Success Stories: Cornwall Transit - Cornwall, Ontario

Mid-Sized Transit Service Helps Change Thinking About Natural Gas

Cornwall Transit has proven that natural gas can be a cost-effective transportation fuel for mid-sized urban bus fleets, as well as large fleets. Today, the company is operating about one third of its fleet on natural gas, with excellent driver and passenger acceptance and no significant maintenance or operational problems.

Natural gas and transit fleets

Compressed natural gas (CNG) has long been considered an ideal fuel for urban transit buses because of its low price and environmental benefits. However, the high cost of fast-fill CNG refuelling equipment has prevented many small- and mid-sized transit systems from making the move to natural gas. In the mid-1990s, Cornwall Transit decided to tackle the problem – and found an innovative solution.

Cornwall Transit serves the city of Cornwall, Ontario (population 47 500), with 35 buses that transport about 1.3 million passengers per year. The transit service's commitment to effective and efficient service, with an emphasis on energy conservation and environmental protection, was a key factor behind the decision to invest in natural gas buses.

Cornwall Transit takes the lead

As the first step in introducing natural gas to the fleet, in 1994 Sherman Goodwin, Cornwall Transit Manager, changed an order for five diesel buses to five CNG buses. The price was an additional $50,000 for each bus, but the original delivery date could still be met.

Next, a used slow-fill natural gas compressor was purchased from the local gas utility and installed outside the bus garage, with a discharge line running into the building. This eliminated the need for costly indoor storage of natural gas, which is generally required for fast-fill systems. It also reduced the cost of the compressor to about $75,000 plus $25,000 for installation.

Inside the garage, a refuelling system was installed for $35,000. The system ran along the length of one wall of the garage, where the CNG buses are parked between midnight and 6:00 a.m. for refuelling. All Cornwall Transit buses are off the road during these hours, so the refuelling does not affect the availability of the CNG buses.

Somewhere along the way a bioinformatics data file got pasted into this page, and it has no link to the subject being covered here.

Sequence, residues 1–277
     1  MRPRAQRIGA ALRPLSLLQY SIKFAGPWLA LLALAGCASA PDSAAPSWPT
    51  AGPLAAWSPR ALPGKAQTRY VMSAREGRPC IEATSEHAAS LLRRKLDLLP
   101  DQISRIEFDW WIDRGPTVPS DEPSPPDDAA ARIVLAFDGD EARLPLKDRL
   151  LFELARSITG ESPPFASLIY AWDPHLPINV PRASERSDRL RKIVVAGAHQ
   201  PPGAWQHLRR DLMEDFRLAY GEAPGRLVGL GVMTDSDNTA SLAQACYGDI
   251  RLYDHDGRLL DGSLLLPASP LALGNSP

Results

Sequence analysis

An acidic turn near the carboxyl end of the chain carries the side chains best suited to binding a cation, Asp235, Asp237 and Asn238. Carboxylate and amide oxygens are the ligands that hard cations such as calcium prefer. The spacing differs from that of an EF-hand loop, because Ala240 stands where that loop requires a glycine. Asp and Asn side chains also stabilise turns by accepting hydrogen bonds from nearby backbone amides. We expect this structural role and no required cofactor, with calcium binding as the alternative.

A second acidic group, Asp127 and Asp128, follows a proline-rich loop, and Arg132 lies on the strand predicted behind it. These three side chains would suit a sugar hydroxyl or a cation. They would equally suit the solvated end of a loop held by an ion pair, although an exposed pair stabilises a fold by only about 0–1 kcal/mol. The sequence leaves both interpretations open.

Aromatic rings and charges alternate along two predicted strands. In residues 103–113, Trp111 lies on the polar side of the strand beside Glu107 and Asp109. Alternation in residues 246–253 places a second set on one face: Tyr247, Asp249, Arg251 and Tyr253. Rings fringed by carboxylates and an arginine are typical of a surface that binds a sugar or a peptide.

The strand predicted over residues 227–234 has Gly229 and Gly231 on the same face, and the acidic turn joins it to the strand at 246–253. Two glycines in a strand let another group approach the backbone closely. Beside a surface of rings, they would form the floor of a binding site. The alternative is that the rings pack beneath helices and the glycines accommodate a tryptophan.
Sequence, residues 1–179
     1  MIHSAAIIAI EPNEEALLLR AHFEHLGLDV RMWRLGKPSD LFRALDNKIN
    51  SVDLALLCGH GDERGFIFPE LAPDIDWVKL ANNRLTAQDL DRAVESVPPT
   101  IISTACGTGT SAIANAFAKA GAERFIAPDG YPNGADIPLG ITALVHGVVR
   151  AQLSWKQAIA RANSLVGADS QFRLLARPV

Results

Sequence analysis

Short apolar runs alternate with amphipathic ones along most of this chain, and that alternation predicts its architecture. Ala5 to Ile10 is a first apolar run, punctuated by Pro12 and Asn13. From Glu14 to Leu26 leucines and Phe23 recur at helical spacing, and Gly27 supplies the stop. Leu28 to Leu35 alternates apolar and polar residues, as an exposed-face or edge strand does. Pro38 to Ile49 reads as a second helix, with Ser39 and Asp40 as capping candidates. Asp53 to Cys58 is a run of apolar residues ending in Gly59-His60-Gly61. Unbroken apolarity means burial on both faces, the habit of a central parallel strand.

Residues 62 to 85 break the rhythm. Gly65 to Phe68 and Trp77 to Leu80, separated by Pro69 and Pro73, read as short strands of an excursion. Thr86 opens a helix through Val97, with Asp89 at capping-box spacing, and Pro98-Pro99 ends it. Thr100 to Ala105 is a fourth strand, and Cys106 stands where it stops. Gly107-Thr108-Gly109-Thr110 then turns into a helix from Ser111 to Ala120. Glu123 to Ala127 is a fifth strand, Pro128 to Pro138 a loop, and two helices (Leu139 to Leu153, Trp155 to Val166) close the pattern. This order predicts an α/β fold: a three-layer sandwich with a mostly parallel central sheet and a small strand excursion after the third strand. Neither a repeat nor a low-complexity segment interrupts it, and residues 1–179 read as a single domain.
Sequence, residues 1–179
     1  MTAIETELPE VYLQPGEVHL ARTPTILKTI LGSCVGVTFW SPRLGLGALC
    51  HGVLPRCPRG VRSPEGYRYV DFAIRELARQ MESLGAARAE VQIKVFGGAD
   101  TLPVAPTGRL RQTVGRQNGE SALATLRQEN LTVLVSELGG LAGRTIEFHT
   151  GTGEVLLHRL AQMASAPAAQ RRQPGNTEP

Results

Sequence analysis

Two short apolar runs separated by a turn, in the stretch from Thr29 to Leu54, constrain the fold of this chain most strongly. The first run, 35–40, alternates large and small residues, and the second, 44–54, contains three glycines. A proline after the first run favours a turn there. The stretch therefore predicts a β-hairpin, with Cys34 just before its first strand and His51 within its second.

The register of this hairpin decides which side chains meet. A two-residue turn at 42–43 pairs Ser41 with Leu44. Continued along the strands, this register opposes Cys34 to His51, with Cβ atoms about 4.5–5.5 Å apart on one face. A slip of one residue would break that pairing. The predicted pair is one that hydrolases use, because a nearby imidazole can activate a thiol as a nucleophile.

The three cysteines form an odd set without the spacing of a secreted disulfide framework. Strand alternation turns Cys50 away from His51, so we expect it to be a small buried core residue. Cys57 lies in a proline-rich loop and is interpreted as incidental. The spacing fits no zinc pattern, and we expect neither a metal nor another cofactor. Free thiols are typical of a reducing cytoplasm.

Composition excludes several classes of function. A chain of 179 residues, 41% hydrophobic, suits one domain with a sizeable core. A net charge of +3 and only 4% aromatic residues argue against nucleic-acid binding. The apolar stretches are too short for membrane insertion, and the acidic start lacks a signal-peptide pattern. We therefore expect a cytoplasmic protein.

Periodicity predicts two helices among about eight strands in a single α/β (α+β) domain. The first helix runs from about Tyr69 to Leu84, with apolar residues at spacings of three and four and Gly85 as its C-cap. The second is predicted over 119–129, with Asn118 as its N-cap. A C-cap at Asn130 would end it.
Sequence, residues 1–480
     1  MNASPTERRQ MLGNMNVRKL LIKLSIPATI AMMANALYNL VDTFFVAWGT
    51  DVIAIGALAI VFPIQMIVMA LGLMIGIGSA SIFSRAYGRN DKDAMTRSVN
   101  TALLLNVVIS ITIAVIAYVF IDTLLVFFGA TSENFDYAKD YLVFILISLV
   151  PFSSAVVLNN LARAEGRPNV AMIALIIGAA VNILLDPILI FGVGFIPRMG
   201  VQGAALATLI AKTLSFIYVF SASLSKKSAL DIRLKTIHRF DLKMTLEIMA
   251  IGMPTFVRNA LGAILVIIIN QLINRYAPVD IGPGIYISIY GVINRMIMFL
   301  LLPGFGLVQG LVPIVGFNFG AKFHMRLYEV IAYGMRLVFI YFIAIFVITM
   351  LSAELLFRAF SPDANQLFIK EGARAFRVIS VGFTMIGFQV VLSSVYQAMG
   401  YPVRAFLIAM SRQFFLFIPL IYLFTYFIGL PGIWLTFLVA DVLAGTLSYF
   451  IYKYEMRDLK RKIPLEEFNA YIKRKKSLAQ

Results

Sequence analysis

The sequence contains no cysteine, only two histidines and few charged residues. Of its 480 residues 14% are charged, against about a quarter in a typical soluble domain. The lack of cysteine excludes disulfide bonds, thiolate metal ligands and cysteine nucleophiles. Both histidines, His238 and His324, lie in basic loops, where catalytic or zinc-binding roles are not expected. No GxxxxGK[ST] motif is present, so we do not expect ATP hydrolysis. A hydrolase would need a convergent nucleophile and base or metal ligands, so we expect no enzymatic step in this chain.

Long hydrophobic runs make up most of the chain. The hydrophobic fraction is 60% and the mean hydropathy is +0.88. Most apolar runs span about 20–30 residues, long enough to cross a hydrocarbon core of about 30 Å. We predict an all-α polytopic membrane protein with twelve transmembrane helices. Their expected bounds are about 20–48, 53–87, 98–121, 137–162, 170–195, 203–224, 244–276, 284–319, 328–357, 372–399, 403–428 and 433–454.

The conversion program also required changes to the garage itself (this was part of the $35,000 cost noted above). This included replacing the building's original electrical heating system with 10 gas-fired radiant tube heaters and one gas-fired makeup air unit on the roof. As well, four exhaust fans were modified to draw air from both the ceiling and the floor. All electrical equipment that could produce sparks was made explosion proof.

Sensors were also installed to monitor carbon monoxide and nitrous oxide levels in the bus storage area. A signal from one sensor triggers two of the exhaust fans and the makeup air unit. Signals from two sensors, though, start all four exhaust fans and the makeup air unit. More sensors were placed above the refuelling port for each bus, to monitor natural gas levels. If any of these sensors detect gas levels at even 20 percent of the concentration needed for natural gas to explode in air, the following safety precautions automatically occur:

  1. The natural gas compressor shuts down.

  2. Ventilation in the garage increases.

  3. The natural gas heaters shut off.

  4. An audible alarm sounds to warn occupants of the situation. The alarm shuts off only when natural gas levels are below 20 percent of the explosive level. At this point, the ventilation system continues to operate, and the compressor remains shut down until the control is reset by hand.

Capital investment quickly repaid

The total capital cost of the initial CNG integration project was about $485,000 (including the $250,000 premium for the natural gas buses). In an unrelated retrofit project, Cornwall Transit had previously upgraded the ventilation system in the garage at a cost of $100,000. (Newer transit buildings with modern ventilation systems could likely be modified at a much lower cost).